Book Culture and the Rise of LIberal Religion

Paul Harvey

Not too long ago, we ran a two-part interview with Matthew Hedstrom, whose book The Rise of Liberal Religion: Book Culture and American Spirituality in the Twentieth Century was recently published by Oxford

Aside from the interview, here's a great way to get a bite-sized taste of Matt's work: "Book Culture and the Rise of Liberal Religion," published yesterday at Religion and Politics. A little excerpt:

The pluralist turn of American religious print culture by the 1940s further enhanced the importance of these alternative spiritualities. This story, then, is an ironic tale of initial resistance yet ultimate complicity in the transformation of American religious culture from Protestant dominance, in spite of sizable and significant minority traditions, to a much more open, democratic, even chaotic spiritual environment. The psychologically and mystically rooted cosmopolitanism that came to characterize much of American religion and spirituality after World War II first emerged as a popular reality from the liberal Protestantism and book-buying consumerism of the interwar years—but ultimately took on a life all its own.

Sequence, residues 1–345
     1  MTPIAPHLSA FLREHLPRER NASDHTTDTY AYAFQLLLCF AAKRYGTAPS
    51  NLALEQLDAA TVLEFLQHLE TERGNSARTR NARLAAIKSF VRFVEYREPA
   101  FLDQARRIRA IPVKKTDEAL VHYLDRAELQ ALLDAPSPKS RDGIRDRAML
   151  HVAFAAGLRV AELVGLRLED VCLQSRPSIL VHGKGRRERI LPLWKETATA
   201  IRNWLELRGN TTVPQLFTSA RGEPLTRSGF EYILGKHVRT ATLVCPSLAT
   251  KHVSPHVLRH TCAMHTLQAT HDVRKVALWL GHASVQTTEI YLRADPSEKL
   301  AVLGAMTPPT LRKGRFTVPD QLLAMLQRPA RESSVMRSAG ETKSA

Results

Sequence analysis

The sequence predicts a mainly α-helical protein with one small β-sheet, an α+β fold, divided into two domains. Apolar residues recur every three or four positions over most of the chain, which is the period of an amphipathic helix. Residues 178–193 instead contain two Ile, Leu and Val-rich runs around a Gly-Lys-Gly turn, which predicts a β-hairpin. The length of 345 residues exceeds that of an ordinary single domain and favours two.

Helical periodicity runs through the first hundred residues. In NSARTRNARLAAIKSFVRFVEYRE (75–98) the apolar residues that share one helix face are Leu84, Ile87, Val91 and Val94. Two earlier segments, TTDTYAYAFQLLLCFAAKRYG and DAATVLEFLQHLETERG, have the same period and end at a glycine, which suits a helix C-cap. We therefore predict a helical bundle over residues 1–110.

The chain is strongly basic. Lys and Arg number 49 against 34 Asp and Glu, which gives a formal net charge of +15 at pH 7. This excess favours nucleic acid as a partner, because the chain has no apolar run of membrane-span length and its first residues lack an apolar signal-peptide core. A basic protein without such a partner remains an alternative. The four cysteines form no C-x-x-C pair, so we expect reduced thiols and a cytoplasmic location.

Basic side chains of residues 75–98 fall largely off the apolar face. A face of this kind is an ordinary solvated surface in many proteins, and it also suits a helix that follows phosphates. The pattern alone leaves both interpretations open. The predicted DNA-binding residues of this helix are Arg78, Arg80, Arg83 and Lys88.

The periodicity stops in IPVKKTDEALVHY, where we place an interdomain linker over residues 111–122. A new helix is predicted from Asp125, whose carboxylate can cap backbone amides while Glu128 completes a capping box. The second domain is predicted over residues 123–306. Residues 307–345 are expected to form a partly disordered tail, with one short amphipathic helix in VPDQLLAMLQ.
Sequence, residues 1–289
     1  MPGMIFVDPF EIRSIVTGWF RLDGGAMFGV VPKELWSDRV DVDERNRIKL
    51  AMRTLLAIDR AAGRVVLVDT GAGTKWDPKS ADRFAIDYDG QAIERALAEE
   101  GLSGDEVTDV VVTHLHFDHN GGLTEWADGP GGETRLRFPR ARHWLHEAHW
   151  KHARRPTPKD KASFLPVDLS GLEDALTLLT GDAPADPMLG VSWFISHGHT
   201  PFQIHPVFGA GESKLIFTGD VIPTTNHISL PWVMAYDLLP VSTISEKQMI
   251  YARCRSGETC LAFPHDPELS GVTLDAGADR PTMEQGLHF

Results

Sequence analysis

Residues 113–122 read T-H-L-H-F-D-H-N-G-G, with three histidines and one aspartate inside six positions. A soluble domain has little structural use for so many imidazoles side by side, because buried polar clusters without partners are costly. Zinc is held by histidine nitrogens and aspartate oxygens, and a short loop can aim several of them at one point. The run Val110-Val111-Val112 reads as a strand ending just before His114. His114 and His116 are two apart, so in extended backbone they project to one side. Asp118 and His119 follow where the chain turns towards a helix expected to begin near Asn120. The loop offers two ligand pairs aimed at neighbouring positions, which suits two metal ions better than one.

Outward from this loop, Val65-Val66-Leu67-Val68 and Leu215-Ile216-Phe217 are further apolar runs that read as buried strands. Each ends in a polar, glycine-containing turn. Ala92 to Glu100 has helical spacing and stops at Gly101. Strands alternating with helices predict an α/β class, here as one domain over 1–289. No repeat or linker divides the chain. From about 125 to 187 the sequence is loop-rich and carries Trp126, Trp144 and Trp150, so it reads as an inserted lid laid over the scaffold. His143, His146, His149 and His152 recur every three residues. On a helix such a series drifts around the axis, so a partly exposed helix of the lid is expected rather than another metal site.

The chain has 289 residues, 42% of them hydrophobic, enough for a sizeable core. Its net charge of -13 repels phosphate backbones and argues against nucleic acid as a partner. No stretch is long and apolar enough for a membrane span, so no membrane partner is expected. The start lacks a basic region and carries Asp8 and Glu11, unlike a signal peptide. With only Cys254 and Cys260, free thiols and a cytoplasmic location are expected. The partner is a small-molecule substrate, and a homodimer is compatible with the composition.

The whole piece is a great introduction to his book; highly recommended. 


Tom Van Dyke said…
Paul, I thank you for this latest batch of posts although I don't know what "liberal religion" is or might be.

It was said back in the day that Reform Judaism's messiah looks a lot like FDR, and that its only difference from the Democratic Party is the holidays.

By extension, "liberal" Christianity now in the 21 century CE: Mighty Jehovah was [re-]incarnated as Barney the Dinosaur, the Bible is reducible to the Sermon on the Mount--- "Beatitudism," if you will.

Where some see liberal theology as progress, others see entropy.

Paul Harvey said…
Umm, "batch" of posts consists of just this one, since my other posts lately have dealt with conservative evangelicalism. Not even "posts," but just "links," my lazy man's blogging.

Anyway, the post is just to point folks towards Matt's excellent book, which gives a historically nuanced and informative view of the subject, not just "progress" or "entropy." Check it out.
Mark T. Edwards said…

You should read Matt's book. He's sensitive to the "entropy" charge; it's been levelled since the 1920s when Walter Lippmann repackaged the anti-liberal arguments of the fundies. And still, not only do "liberal" churches persist, but in Matt's estimation (not to mention David Hollinger and Christian Smith) we are in some ways all Barneys, er, liberals, now.

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